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WASHINGTON — White House press secretary Jen Psaki stood at the podium in the James S. Brady Press Briefing Room for the last time on Friday, facing questions on crises old and new, foreign and domestic. She addressed the baby formula shortage and gun violence, immigration and war.
She also addressed the journalists seated and standing before her. “You have challenged me. You have pushed me. You have debated me — and at times we have disagreed,” she said. “That is democracy in action.”
Tearing up, Psaki acknowledged that her plans to “keep it together” were being undone in the moment. Her successor, principal deputy press secretary Karine Jean-Pierre, watched from a chair alongside several of her loyal deputies in the White House communications department.
Psaki’s husband was also there to mark her departure, though a cameo from President Biden that some had expected did not materialize.
A spokeswoman for the State Department during the Obama administration, Psaki did not work on the Biden campaign, but beat out several well-regarded candidates for the job when she was named to the position shortly after the 2020 presidential election. Her immediate task was to move beyond the atmosphere of animosity and recrimination that had marked the Trump years, when the president himself would sometimes spar with members of the press.
“There will be times when we see things differently in this room — I mean, among all of us. That’s OK. That’s part of our democracy,” she said at her first briefing.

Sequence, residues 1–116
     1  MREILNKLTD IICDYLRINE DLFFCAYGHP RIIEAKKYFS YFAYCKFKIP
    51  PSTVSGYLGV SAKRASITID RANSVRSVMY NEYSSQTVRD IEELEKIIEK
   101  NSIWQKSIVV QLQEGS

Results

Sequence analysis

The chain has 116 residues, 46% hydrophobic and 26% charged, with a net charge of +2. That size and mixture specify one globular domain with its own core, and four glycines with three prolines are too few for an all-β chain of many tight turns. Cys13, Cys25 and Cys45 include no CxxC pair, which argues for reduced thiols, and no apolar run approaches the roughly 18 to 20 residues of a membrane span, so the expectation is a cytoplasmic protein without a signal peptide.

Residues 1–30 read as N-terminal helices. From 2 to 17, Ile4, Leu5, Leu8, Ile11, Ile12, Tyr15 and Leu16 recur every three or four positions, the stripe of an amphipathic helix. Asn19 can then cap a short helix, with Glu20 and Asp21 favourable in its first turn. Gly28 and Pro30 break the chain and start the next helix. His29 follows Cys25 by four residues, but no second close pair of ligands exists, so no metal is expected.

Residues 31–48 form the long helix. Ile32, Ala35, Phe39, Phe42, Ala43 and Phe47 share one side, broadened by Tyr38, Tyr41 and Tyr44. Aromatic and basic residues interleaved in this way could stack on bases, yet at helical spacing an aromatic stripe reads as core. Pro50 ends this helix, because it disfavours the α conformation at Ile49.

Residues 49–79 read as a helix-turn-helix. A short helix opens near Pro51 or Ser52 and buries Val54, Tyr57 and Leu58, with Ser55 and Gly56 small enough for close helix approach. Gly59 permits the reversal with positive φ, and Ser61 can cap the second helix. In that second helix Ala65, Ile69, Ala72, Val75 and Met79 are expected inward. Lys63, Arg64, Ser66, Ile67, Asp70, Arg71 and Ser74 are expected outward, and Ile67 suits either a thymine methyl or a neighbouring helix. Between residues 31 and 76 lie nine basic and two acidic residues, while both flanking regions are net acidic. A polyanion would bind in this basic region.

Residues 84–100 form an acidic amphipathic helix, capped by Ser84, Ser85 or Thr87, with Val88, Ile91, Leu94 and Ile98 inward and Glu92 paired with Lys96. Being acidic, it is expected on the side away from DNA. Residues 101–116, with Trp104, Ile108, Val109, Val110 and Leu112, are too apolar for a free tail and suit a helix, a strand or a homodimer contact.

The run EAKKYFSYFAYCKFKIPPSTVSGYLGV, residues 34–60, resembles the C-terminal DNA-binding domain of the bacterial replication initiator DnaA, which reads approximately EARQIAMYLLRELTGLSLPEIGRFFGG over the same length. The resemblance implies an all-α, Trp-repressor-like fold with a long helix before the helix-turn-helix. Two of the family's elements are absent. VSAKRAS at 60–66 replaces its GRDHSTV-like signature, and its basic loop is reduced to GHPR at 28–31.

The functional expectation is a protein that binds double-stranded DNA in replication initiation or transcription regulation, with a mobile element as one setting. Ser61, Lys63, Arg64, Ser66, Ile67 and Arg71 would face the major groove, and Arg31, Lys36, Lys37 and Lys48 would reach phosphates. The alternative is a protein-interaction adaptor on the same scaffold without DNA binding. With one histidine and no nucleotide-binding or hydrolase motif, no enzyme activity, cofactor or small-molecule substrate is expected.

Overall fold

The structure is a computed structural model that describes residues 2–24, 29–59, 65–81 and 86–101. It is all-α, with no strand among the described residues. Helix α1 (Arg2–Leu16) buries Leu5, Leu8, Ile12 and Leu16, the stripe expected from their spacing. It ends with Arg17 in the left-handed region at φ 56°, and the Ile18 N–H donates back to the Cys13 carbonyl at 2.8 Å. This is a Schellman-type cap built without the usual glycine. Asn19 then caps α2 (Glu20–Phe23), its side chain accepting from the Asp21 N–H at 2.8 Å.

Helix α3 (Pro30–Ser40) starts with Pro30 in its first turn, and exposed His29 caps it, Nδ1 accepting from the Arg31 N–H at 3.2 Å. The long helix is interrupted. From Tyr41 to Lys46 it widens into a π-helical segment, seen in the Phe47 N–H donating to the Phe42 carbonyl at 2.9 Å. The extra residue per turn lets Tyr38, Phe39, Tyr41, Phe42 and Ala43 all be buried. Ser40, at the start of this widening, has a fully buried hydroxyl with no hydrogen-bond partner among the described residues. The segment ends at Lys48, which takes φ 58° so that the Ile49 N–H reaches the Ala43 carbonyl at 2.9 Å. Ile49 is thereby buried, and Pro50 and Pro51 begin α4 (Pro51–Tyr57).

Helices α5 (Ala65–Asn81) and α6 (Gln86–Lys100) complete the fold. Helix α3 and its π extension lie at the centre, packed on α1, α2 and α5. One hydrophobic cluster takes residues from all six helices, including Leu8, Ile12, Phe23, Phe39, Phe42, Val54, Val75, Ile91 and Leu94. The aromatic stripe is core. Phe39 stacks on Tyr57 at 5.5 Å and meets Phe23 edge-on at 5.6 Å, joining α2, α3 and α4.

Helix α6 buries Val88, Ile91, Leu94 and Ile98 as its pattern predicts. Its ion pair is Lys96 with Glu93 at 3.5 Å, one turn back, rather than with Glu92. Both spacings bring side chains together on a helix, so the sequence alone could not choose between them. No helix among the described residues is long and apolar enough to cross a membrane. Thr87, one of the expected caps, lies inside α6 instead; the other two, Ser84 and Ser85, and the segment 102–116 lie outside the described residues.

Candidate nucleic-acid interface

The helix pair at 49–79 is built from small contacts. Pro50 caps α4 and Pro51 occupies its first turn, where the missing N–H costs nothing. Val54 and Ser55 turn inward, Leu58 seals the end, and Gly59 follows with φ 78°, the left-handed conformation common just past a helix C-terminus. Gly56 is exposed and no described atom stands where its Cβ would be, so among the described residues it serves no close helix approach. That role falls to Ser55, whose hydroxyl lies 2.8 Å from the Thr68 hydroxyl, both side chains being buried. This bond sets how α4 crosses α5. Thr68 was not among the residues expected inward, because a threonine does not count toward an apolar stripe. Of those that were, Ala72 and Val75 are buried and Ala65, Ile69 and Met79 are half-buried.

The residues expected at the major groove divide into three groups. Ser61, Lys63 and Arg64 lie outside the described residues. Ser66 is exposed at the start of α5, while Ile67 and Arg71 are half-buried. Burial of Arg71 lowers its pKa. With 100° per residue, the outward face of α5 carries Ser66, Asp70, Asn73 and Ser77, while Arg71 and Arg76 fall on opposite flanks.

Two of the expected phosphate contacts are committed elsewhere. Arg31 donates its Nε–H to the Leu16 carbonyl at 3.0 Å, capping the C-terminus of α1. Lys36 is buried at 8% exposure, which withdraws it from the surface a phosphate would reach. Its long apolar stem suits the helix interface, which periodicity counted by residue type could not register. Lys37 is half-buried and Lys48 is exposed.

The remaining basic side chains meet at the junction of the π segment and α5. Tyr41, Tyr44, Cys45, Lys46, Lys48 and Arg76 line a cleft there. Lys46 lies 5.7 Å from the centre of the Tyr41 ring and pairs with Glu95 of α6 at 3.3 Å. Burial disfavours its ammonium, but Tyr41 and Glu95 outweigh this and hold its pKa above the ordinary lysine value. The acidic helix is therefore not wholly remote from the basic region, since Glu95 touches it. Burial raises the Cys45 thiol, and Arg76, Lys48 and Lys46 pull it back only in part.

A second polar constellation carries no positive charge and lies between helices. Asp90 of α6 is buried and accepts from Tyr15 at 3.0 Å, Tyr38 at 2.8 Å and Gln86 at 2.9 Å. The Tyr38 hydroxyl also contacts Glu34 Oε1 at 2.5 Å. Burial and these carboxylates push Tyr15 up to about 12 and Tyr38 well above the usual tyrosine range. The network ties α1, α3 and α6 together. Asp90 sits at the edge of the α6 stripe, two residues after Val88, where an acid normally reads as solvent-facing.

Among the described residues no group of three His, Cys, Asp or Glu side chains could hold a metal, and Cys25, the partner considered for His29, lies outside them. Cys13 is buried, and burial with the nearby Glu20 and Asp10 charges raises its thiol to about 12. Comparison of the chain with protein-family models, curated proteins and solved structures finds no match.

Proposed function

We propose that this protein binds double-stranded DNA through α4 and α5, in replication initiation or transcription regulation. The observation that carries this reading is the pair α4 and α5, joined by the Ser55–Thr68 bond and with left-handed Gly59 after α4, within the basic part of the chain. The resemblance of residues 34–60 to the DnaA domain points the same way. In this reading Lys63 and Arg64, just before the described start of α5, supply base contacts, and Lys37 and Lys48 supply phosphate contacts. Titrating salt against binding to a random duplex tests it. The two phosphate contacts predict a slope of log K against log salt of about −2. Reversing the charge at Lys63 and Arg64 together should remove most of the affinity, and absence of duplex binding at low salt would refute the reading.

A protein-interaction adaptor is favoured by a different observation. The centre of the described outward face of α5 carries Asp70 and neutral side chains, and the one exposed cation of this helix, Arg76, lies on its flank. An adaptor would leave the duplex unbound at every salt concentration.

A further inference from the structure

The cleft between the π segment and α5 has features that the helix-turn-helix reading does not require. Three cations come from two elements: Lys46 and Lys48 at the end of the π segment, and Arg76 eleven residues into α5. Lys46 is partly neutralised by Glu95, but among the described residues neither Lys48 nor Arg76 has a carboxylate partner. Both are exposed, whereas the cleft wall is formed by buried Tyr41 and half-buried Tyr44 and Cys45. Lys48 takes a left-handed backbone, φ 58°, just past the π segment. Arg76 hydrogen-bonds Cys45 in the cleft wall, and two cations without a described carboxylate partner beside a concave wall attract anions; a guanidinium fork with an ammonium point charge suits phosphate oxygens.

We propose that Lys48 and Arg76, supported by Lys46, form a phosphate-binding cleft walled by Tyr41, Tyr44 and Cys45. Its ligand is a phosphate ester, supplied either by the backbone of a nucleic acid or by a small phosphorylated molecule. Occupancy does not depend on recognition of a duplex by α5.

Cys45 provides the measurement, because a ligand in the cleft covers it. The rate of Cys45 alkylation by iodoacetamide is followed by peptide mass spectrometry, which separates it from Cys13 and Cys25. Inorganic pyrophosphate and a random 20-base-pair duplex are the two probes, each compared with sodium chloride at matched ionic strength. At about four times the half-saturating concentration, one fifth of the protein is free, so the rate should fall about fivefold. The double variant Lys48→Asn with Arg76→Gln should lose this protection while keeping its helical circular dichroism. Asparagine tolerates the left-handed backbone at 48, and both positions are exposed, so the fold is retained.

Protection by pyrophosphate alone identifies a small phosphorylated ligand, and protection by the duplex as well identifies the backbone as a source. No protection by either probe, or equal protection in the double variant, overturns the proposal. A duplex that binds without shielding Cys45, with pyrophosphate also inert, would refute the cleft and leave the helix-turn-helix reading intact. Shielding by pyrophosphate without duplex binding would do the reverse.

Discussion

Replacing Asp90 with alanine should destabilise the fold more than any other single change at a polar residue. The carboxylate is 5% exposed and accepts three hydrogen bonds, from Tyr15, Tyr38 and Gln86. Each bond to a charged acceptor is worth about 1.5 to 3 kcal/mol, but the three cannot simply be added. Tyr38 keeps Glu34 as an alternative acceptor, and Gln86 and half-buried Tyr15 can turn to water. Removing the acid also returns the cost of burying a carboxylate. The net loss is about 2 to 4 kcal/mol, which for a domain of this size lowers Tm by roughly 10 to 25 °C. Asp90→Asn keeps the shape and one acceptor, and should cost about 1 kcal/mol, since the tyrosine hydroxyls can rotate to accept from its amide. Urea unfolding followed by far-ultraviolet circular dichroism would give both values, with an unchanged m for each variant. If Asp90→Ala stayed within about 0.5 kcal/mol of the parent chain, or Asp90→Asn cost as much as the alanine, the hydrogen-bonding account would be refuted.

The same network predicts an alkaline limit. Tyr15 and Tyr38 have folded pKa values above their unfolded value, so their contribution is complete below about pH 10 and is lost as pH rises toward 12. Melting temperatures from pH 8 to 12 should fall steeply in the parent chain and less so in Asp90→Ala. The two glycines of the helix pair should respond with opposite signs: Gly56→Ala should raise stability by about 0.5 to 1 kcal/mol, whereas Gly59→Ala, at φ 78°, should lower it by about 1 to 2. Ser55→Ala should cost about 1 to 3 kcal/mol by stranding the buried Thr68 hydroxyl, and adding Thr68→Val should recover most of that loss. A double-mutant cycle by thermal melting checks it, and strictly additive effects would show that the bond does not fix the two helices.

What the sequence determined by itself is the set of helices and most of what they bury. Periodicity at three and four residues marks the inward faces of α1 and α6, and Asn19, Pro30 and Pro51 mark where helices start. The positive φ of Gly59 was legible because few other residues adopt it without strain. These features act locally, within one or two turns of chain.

An analysis by Business Insider found that Psaki held 224 briefings in all, more than the total conducted by all four of Trump’s press secretaries (Sean Spicer, Sarah Huckabee Sanders, Stephanie Grisham and Kayleigh McEnany). It was rare for her to go two consecutive days without a briefing, whereas, by contrast, Grisham did not hold a single briefing.
Psaki could sometimes be short with reporters, and progressives on social media delighted at the “Psaki bombs” she deployed to cut off unwelcome inquiries. Heated exchanges with Fox News correspondent Peter Doocy became a regular occurrence, one that seemed to benefit both the conservative network and the White House.
Psaki’s biggest misstep was likely her quip — made as a new coronavirus surge was underway — about the White House sending coronavirus tests to every American, an idea she plainly found preposterous.
“Should we just send one to every American?” Psaki fired back sarcastically at NPR reporter Mara Liasson, who had asked about making the tests free. Days later, the Biden administration announced it was, in fact, providing Americans with free tests.
After Russia invaded Ukraine, Psaki used her expertise in foreign affairs to capably detail the administration’s approach to the war without making the kinds of gaffes that complicate international relations. The invasion almost certainly prolonged her tenure at the White House by several months.
The Poynter Institute, a journalism think tank, praised Psaki as “one of the best press secretaries ever,” even as conservatives were attacking her for telling a reporter during Friday’s briefing that parents seeking baby formula should “call a doctor.”
Psaki will soon start a new gig at MSNBC, where she is expected to be a high-profile on-air personality, especially as the congressional midterms approach. Jean-Pierre, the new White House press secretary, will begin work on Monday.